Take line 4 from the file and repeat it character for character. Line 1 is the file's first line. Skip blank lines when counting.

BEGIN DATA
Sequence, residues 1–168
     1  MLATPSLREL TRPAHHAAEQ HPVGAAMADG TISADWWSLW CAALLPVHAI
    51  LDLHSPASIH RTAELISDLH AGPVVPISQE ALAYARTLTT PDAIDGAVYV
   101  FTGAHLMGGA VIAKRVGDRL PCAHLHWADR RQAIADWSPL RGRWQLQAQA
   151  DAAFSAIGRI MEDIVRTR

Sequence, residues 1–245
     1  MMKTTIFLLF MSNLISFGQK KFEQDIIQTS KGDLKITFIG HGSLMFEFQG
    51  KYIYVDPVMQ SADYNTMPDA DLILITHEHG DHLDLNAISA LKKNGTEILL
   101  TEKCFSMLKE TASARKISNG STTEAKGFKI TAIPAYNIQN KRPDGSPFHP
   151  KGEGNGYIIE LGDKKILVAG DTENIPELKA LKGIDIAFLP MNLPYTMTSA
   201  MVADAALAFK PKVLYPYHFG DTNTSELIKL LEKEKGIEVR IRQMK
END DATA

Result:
   101  FTGAHLMGGA VIAKRVGDRL PCAHLHWADR RQAIADWSPL RGRWQLQAQA